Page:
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West End Firefighter, in 17th Year With Lymphedema: ‘Everything Is a Process’

March 09, 2021

When he was 15 years old, Dominique Rodgers was playing basketball with some friends when he went up for a rebound and came down awkwardly on his ankle.

He knew immediately that he had rolled it, but figured it was just a sprain, a minor injury and certainly nothing to be too alarmed about. When he got home, he put some ice on it, elevated his leg and went to bed.

The next morning he awoke to find his entire leg badly swollen, indicating a bigger problem than just a sprained ankle. A trip to Connecticut Children’s Medical Center provided the answer: Rodgers was diagnosed with lymphedema, a protein-rich swelling that can occur in any part of the body.

The swelling ranges from mild, hardly noticeable changes in the size of an arm or leg, to extreme changes that make the limb hard to use. While there is no known cure, lymphedema can be managed with conservative therapy, including, manual lymph drainage massage, multi-layer bandaging, consistent use of compression garments, exercise, and meticulous skin care, as well as regular follow-up visits with a therapist.

Lymphedema Patient
Dominique Rodgers with Michelle Aafedt at Hartford HealthCare Rehabilitation Network’s Bloomfield clinic.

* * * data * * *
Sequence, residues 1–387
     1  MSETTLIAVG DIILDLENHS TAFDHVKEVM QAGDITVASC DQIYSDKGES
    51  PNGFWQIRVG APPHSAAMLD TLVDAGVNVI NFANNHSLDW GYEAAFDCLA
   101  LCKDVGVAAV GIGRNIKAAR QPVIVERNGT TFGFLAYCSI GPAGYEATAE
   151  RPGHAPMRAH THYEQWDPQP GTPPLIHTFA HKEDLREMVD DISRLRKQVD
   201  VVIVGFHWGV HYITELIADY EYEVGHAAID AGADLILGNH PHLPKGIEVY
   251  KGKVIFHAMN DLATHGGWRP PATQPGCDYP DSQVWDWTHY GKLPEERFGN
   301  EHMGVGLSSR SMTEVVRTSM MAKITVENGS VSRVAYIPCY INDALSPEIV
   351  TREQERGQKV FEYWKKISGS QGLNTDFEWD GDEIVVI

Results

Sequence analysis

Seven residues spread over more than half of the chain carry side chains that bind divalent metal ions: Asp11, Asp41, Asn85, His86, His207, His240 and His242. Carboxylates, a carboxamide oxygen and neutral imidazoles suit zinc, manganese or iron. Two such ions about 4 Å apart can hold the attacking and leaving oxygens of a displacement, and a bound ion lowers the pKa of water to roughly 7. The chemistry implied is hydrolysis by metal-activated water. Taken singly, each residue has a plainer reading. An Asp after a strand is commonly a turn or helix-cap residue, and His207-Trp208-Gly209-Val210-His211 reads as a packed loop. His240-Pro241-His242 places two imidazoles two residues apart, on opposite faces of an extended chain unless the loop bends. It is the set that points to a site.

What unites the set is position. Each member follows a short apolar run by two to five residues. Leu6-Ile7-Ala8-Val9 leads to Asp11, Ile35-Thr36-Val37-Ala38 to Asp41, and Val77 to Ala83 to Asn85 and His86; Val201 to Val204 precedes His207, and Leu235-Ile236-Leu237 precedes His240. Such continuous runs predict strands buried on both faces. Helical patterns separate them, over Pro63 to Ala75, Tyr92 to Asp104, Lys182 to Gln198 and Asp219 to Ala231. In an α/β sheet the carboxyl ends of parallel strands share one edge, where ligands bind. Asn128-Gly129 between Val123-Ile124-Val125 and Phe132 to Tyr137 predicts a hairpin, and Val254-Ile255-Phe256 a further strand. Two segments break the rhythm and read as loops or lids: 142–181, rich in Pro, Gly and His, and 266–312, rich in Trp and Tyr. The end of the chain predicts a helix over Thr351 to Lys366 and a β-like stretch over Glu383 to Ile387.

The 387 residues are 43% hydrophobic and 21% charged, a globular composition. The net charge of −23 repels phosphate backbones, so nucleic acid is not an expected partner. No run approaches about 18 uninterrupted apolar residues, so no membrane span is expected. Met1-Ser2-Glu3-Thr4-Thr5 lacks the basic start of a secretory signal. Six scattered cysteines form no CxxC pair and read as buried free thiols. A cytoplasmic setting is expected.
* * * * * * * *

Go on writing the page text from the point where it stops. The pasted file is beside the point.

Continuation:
After being diagnosed, Rodgers said he tried to manage treatment on his own, but soon recognized the need to seek medical attention. At 17, he had begun working with Michelle Aafedt, an Occupational and Certified Lymphedema Therapist at Mount Sinai Hospital, who would, ironically, also treat Rodgers’ mother with the lymphedema she developed from breast cancer.

Seventeen years after first diagnosed, Rodgers, now 32 and a firefighter in the West End of Hartford and a part-time EMT in Bloomfield, continues to receive treatment for his condition. He is also still working with Aafedt, now a therapist with Hartford HealthCare Rehabilitation Network in their Bloomfield outpatient clinic.

To raise awareness about lymphedema and offer support to those who are also battling the disease, Rodgers began the Instagram account @theprocess2progress, where he posts information and resources for his followers. He has also raised $1,500 to provide patients of Hartford HealthCare and Mount Sinai with compression garments to help with their treatments.

“Many people are still unaware of this disease and here I am, 17 years later, still battling the condition, but I do not let it define me or anything I choose to go after in life,” Rodgers said. “I will always have to manage this throughout my life to ensure I remain healthy. I just want everyone to know that everything takes time, everything is a process, I do not let it define me but I incorporate controlling it into my life and you can do the same.”

Click here for more information about Hartford HealthCare Rehabilitation Network’s Lymphedema program, which was recently recognized as an International Center of Excellence in Lymphatic Disease Care by the Lymphatic Education and Research Network.